5 Dec 2012 03:53pm

What does the Autumn Statement mean for tax?

Against expectations the chancellor managed to find a small sticking plaster to help with 'healing' the economy by finding a few issues to cheer the economic gloom but overall this was a tax neutral statement

As part of the government's effort to support business and enterprise, the chancellor has announced another cut in the main rate of corporation tax. The main rate will now reduce by a further one per cent over planned reductions, to 21% from April 2014. The main rate will fall from 24% to 23% from 1 April 2013.

While this reduction is welcomed, it is unclear why the chancellor has not decided to align the main rate of corporation tax and the small companies rate (which remains at 20%) given how similar the rates will be from April 2014.

The chancellor has also announced that the Government will increase the Annual Investment Allowance from £25,000 to £250,000 for two years for all qualifying investments in plant and machinery made on or after 1 January 2013.This is a huge increase but the impact that it will have is questionable, given that many businesses are unlikely to be able to afford that level of investment.

Clampdown on tax avoidance

As expected, given the current media focus, tax avoidance featured heavily in the Autumn Statement, with the chancellor reiterating the government's commitment to tackling tax evasion and aggressive avoidance to ensure that "everyone pays their fair share."

The chancellor confirmed the introduction of a general anti-abuse rule (GAAR), to provide a new deterrent to abusive avoidance schemes. Guidance and the draft legislation will be published later in December 2012.

In relation to multinational companies and their UK corporation tax bills relating to their UK activities, the chancellor announced that the government will provide additional resources to HMRC to tackle any unacceptable avoidance and work with countries like France and Germany to speed up the international efforts in ensuring multinational companies are paying taxes in the correct jurisdictions.

It was also announced that the government will consult on the introduction of a new information disclosure and penalty power to target the promoters of aggressive tax avoidance schemes.

Further restrictions for pension savers

After much rumour and speculation it has been confirmed that the Government will reduce the annual allowance (the amount that can be saved 'tax free' each year) from £50,000 to £40,000. Furthermore, the overriding lifetime allowance for pension contributions will also reduce, from £1.5m to £1.25m.

While the measures will undoubtedly be unpopular and follow significant changes to the pensions regime in last year's Finance Act, the reduction to the annual allowance at least, was less than many were expecting. In addition, these changes will not come into effect until April 2014, so there are still two tax years to go to maximise contributions using the current levels.

The government's figures suggest that the measures are likely to only affect the wealthiest pension savers, as only one per cent of the population currently make pension contributions in excess of the reduced £40,000 limit each year. However, those with a defined benefit scheme may need to take extra care as will many of those in the public sector who may find themselves caught up in these changes.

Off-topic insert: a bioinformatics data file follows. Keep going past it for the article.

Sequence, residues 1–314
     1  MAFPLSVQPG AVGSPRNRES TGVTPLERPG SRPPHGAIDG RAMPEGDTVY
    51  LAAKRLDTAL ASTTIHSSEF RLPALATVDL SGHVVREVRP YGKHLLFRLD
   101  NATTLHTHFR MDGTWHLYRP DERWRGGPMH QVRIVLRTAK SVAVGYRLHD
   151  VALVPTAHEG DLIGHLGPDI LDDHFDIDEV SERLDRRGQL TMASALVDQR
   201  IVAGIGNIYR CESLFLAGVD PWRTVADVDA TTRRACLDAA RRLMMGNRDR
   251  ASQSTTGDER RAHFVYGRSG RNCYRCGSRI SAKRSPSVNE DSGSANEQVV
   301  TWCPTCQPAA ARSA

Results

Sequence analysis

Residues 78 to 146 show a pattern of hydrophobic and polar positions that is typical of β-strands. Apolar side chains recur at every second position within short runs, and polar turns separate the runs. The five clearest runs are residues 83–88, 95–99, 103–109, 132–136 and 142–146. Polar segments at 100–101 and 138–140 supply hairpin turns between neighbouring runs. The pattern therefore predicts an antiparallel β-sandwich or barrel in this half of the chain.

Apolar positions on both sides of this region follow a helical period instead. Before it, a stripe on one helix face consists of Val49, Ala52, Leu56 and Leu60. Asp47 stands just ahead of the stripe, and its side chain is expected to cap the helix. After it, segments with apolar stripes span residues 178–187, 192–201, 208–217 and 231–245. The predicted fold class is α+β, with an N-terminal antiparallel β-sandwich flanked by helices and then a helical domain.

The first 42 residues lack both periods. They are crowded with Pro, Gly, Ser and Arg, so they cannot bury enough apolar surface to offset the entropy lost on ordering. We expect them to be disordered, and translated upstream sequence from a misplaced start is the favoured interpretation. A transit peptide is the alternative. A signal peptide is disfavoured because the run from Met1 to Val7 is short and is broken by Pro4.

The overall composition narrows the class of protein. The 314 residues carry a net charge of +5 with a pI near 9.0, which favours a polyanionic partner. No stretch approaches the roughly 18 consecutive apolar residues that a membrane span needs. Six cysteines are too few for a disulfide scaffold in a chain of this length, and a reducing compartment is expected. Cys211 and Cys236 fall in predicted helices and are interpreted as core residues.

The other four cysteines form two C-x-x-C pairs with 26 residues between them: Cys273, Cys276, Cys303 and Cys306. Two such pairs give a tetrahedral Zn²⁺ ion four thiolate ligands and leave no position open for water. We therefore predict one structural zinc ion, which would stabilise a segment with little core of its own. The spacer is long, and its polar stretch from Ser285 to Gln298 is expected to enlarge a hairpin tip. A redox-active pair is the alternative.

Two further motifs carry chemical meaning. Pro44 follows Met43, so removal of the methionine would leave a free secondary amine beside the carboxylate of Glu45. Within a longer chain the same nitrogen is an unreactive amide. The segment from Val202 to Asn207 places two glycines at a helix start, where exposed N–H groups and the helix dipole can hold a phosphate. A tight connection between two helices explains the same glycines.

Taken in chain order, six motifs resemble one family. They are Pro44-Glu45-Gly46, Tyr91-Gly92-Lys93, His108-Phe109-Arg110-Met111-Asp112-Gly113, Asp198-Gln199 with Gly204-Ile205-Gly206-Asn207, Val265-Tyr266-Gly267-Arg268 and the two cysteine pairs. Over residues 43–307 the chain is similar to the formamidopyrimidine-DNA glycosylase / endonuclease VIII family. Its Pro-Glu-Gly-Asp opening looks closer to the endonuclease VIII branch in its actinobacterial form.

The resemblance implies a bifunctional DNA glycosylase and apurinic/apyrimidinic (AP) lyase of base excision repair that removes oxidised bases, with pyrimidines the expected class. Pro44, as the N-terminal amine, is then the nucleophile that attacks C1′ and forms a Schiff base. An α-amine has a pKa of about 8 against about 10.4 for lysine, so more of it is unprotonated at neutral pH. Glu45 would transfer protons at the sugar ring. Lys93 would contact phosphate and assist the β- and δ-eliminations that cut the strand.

Personal tax bonuses

The coalition government has long been committed to increasing the personal allowance to £10,000. In his 2012 Autumn Statement, chancellor George Osborne announced a further increase to the allowance for the 2013-14 tax year, setting it at £9,440 from April next year.

This represents a further £235 increase on the planned rise (a total increase of £1,335), from £8,105 in the current tax year.

As expected, higher rate taxpayers will not benefit from the full amount of the increased allowance as the higher rate threshold will again be lowered. From April 2013, the amount above which an individual will be subject to the higher, 40%, rate will reduce from £42,475 to £41,450.

However, the chancellor has confirmed subsequent one per cent increases to the threshold in 2014-15 and 2015-16.

The subscription limits for Individual Savings Accounts (ISAs) are to increase to £11,520 from April 2013, of which £5,760 can be in cash. The government will also consult on amending the rules for stocks and shares ISAs to include shares traded on the Alternative Investment Market, and comparable markets.

Finally, the inheritance tax threshold will increase in April 2015 by one per cent to £329,000, the first increase since 2009.

Shares in return for reduced employment rights

Despite widespread criticism of the proposal, the chancellor has announced the government is to press ahead on a new capital gains tax-free share scheme intended to come into force in April 2013. Draft legislation is expected to be published on 11 December 2012.

Under the proposals, a company can offer between £2,000 and £50,000 worth of shares in exchange for the employee relinquishing certain employee rights. There would be no capital gains tax on the sale of the shares by the employees. In the linked consultation only 3 of the 209 responsees indicated that they were likely to adopt the new proposals.


 Francesca Lagerberg

Francesca Lagerberg is head of tax at Grant Thornton UK





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